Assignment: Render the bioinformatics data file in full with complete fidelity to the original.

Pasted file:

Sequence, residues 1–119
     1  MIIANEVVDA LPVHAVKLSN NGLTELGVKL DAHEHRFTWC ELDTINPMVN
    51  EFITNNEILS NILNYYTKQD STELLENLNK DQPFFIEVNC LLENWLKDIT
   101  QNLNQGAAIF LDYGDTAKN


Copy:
Sequence, residues 1–119
     1  MIIANEVVDA LPVHAVKLSN NGLTELGVKL DAHEHRFTWC ELDTINPMVN
    51  EFITNNEILS NILNYYTKQD STELLENLNK DQPFFIEVNC LLENWLKDIT
   101  QNLNQGAAIF LDYGDTAKN